Connor
Jun 16, 2017
Publisher: Focus Home Interactive
Developer: Focus Home Interactive
Review platform: Xbox One
Release date: Jun 15 2017
When I first started up Tour de France 2017, I wasn’t entirely sure what to expect. Tour de France popped my cycling sim cherry, this niche game’s dedication to realism through mechanics and emphasis on resource management mid race made it a pretty decent introduction to the genre with far more depth than I was expecting.

For those like me who’s game library is lacking a cycling section, Tour de France 2017 feels like the lovechild between Forza and Football Manager, with a fancy biking paint job to boot. Both the management and racing segments of this game are well made, they maintained my interest throughout the hours I’ve played and at times where races were close I caught myself screaming “C’mon! c’mon c’mon” at my screen. In stark contrast, I spent dozens of minutes staring at the management screen in an attempt to figure out which cyclists to use next.

The racing segments were my favourite part hugely in part because of the focus on resource management, you can’t just hold down the right trigger and gun it to the finish line, you must manage your energy, speed, exhaustion and how much delicious gel paste you have left. If you can maintain these, you’ll fly through the races like dust in the wind.

In races with teammates you can give orders to help you get a faster time on the track, which is the sort of feature I couldn’t have pictured being in this game. It goes to show how far the developers were willing to go to provide deep and realistic cycling game their fans want.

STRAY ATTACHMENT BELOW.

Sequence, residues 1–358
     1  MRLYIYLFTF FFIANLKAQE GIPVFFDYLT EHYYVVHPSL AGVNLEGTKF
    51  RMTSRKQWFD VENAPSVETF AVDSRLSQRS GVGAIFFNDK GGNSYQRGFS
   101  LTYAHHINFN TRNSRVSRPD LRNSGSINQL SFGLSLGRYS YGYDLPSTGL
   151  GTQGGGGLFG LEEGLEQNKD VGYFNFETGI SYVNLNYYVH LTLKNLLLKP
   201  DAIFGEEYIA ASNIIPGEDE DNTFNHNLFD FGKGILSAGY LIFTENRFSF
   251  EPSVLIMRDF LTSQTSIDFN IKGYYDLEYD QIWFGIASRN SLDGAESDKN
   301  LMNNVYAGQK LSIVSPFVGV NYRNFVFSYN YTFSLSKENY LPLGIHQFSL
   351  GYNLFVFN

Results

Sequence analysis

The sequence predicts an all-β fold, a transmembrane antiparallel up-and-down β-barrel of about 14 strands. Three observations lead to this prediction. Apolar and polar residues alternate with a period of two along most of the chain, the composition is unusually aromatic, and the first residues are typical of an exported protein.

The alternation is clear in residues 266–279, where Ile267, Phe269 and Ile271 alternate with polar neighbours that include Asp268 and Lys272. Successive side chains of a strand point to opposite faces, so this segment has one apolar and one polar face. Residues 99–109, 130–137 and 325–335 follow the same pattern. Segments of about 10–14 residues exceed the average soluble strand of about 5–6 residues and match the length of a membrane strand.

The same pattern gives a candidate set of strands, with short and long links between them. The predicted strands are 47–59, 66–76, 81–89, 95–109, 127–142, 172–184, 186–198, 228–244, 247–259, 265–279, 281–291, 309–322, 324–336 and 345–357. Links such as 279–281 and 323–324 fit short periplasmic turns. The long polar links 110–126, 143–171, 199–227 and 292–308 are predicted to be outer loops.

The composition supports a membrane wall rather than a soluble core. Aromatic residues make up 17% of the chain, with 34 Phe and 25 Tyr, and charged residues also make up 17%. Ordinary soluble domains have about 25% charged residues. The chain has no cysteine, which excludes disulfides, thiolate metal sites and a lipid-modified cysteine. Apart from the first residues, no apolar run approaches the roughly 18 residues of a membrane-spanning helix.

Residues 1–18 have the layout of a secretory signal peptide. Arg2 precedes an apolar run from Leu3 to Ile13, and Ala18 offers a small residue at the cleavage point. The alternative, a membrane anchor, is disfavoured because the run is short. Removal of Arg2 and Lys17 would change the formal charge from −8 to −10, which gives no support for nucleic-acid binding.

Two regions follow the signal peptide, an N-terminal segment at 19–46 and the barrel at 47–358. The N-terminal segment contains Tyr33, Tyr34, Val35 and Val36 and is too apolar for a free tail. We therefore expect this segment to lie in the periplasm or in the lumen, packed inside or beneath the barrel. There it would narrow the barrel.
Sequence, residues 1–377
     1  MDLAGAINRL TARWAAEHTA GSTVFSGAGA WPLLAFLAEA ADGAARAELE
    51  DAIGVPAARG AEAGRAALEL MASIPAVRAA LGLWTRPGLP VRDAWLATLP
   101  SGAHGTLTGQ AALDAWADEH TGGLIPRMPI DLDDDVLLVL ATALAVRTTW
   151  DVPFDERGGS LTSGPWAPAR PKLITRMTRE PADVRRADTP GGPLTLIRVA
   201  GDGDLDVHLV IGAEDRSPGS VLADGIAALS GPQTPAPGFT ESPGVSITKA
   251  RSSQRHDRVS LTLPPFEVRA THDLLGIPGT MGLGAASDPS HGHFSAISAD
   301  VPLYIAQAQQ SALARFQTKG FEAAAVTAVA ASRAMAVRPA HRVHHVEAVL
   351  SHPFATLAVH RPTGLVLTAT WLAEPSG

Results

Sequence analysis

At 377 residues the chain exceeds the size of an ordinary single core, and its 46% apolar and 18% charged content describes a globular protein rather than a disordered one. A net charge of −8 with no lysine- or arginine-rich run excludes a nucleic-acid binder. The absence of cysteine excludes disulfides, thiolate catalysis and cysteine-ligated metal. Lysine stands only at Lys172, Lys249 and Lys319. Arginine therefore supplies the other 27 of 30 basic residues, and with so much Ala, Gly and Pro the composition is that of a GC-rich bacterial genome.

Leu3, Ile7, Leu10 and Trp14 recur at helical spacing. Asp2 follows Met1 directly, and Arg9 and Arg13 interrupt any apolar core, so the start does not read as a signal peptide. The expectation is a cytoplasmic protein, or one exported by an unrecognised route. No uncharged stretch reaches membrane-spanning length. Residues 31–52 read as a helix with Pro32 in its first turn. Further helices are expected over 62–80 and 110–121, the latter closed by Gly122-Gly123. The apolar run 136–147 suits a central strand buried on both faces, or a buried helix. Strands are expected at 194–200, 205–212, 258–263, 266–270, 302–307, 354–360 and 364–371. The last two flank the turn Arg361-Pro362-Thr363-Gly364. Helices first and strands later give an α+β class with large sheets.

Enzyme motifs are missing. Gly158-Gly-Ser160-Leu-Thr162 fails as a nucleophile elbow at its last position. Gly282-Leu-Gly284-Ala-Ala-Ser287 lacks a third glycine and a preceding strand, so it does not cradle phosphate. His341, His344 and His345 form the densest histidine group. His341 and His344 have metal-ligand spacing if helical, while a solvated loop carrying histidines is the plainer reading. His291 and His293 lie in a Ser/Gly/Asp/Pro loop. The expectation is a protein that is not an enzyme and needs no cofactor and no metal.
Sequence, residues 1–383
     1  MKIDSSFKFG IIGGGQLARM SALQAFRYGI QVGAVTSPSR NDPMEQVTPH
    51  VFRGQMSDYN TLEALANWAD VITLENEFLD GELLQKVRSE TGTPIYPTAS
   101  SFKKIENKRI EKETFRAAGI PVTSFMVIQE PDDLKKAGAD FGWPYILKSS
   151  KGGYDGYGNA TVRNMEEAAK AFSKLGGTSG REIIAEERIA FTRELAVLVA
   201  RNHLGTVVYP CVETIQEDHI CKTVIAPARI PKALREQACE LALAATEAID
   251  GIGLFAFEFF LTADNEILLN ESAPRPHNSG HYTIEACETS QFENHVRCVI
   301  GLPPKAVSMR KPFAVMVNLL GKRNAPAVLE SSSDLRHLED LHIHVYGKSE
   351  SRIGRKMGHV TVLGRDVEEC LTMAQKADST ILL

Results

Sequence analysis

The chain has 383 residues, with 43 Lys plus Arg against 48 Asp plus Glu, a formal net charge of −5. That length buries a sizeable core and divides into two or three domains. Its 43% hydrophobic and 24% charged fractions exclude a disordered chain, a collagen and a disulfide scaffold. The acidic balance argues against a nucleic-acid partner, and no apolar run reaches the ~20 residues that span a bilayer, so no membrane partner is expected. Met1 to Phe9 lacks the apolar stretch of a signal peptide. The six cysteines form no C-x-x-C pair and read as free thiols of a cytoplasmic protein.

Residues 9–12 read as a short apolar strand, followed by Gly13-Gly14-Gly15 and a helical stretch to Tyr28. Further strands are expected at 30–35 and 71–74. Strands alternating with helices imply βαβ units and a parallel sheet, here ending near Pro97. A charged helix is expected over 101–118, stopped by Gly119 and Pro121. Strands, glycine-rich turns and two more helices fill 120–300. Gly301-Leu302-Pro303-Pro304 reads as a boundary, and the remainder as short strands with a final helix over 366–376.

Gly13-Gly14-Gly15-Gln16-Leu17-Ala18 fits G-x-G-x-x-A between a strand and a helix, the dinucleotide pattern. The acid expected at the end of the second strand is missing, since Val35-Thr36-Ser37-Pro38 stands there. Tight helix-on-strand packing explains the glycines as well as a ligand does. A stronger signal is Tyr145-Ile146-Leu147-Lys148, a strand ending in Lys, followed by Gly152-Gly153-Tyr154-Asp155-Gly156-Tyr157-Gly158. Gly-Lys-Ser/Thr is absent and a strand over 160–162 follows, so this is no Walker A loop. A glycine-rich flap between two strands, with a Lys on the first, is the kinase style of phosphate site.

These racing segments are made even better by the nice locations available to race on, including the French mountain ranges, the middle of a German city and the beautiful city of Marseille. Despite the game’s substandard graphics, these areas have clearly been recreated with attention to detail.

There are three playable modes available, the Tour mode where you can customise your own tournament by picking out which routes you’d like and the racers you want participating. The game also allows you to simulate the races, so those who want to relax and watch get what they want while those who enjoy the first-hand experience like myself can do the whole thing start to finish.

There’s also a pro team mode where you can manage your team throughout multiple seasons, alongside a time trail mode where you aim to set the best time possible down specified routes. These two modes give both the racing and management minded players something to dig their teeth into, and mean both types of fans get what they paid for.

Speaking of what fans paid for, the price of this product, is, for me at least, what stops me from recommending Tour de France 2017 to everyone. It’s currently selling at £40 on the Microsoft Store, which is in my opinion too much for this game despite how well made it well be.

Summary

Overall, this game should absolutely be your introduction to the genre or a new addition to your cycling game collection; just wait until it’s a wee bit cheaper or until it’s on sale.
Our score: 7/10

Decent - A game that may have niche appeal, flawed but enjoyable.
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